I’ve updated my 2021 Projects note to have some additional headers:

  • Completed. I list my completed projects right up top so I’m reminded of how much I’ve accomplished so far this year.
  • Completed, To Be Reviewed. This is a holding ground for projects I’ve completed but haven’t yet reviewed. I typically move projects here throughout the week and then review them during my weekly review.
  • In Progress. These are the projects requiring my most immediate periods of focus.
  • Slow Burn. These are the projects I slowly chip away at over time.
  • On Hold. These are projects that I’ve temporarily de-prioritized.
  • Future. These are projects I may want to tackle in the future.
  • Dropped. These are projects that I’ve permanently de-prioritized.

My 2021 Projects note is typically pinned (ie. always visible) in Obsidian as I use this to navigate my notes on a daily basis.

Previously I listed some benefits I foresaw from moving away from a traditional PARA structure:

  • I will have a single system to navigate my notes. I’m still working towards this, and parts of my PARA folder system are still in place. There are still a few places where I’m struggling to move away from PARA folders. For example, my daily notes and notes for my regular reviews I’ve been keeping out of my thought bank so that I can more easily omit them from my graph view.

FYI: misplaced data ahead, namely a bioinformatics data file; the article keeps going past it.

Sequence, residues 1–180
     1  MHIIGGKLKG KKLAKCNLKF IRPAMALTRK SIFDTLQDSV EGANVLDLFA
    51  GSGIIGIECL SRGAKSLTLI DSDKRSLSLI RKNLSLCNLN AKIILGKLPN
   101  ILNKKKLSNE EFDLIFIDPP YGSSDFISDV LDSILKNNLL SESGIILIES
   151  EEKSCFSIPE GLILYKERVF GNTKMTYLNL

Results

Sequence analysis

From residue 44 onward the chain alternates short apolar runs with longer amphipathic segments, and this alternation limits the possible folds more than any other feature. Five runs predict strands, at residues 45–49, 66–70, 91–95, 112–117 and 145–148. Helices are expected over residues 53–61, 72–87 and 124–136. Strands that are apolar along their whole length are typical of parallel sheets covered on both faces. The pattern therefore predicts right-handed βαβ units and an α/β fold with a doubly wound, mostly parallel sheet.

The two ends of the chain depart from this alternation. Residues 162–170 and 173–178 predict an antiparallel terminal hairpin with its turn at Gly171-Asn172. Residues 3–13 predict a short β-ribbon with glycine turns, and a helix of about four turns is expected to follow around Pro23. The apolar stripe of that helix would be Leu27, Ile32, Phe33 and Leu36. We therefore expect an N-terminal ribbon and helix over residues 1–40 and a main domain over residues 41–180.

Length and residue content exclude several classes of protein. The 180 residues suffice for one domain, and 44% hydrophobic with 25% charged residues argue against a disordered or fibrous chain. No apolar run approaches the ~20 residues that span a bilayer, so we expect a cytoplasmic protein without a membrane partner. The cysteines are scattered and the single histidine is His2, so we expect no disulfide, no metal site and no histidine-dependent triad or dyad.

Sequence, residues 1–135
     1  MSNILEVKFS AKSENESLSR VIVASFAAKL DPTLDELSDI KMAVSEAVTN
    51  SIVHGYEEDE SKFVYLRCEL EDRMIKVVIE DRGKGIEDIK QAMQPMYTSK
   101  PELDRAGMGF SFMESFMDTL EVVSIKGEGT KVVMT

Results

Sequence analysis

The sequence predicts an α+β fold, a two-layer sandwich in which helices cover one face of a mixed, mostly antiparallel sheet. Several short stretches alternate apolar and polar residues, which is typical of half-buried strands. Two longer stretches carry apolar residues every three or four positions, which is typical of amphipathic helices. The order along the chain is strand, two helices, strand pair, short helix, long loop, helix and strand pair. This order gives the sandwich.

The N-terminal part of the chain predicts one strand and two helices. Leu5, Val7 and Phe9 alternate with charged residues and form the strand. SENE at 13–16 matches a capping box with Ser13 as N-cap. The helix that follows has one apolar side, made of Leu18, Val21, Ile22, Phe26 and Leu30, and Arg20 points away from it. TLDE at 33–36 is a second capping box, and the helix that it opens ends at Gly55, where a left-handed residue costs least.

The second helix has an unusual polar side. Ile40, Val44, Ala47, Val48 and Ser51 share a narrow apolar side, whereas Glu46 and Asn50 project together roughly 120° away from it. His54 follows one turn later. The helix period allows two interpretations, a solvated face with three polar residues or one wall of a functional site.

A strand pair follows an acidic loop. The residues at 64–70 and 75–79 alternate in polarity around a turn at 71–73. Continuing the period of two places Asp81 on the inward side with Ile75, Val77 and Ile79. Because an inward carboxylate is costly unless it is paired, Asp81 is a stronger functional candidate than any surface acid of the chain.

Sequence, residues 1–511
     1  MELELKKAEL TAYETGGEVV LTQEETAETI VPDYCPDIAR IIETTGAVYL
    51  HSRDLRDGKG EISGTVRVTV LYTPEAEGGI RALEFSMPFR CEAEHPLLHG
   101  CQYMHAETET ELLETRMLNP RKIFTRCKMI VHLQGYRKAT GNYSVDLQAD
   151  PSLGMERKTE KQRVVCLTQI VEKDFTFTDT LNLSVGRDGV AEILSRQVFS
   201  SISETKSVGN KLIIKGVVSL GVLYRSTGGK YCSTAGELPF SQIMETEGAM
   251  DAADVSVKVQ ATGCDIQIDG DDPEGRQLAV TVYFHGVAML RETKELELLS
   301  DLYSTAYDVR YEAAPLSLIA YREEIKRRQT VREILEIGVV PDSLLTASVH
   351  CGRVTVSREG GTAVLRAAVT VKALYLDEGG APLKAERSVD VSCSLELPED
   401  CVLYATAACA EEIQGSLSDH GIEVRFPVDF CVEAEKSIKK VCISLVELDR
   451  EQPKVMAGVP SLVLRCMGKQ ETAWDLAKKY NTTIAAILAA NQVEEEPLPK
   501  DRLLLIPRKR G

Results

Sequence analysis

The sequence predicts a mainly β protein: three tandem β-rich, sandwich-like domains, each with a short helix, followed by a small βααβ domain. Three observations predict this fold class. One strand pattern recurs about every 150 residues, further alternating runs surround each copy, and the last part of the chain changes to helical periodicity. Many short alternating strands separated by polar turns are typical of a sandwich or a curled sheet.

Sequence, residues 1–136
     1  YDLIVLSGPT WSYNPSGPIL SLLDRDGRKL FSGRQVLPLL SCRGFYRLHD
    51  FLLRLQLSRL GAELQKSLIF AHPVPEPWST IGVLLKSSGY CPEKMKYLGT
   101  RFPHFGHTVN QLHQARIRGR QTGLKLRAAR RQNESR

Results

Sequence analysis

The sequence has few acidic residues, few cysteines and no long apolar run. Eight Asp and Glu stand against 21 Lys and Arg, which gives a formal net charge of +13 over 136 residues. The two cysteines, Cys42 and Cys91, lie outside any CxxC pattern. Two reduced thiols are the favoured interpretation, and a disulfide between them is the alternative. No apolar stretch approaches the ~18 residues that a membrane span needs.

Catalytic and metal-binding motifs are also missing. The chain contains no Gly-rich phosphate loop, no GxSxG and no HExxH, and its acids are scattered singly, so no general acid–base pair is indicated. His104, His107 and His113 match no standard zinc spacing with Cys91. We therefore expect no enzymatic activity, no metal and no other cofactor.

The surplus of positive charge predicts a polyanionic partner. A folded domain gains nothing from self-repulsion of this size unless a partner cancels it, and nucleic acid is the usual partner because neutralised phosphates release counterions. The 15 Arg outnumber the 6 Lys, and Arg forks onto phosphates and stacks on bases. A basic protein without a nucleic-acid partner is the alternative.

• Notes can now live in multiple places. I’ve been finding this useful for when my notes are relevant to multiple simultaneous projects and/or multiple notes. An example of this is when I have notes that I re-use for book clubs, blog posts, and my newsletter.
  • Historical integrity can be maintained. This has been true so far as I have yet to edit a project note after the project has been completed.
  • Unexpected connections between projects may be discovered. Admittedly, I haven’t been aware of this happening. This may be related to something I will briefly touch on at the end of this post.

I also listed some concerns I had about this approach:

  • Loss of constraints may decrease intentionality and focus. I have experienced this when I created a new note and then didn’t associate it with the relevant project(s). I am trying to be more cognizant of this, though, and this is part of the reason I’ve started pinning my 2021 Projects note—to ensure it’s always at the forefront of my mind.
  • Things may get messy. I have yet to be concerned by this. I almost never look for files through the file explorer—I usually navigate using either links from other notes, or via a search function. My thought bank currently holds ~2000 files totalling ~70 MB. This isn’t enough to exceed my storage limits or cause indexing/software to be slow. So yes, things may be messy, but the mess so far is of little consequence.

There is one last thing I wanted to mention. I’ll mention it briefly here and then elaborate on it more next week.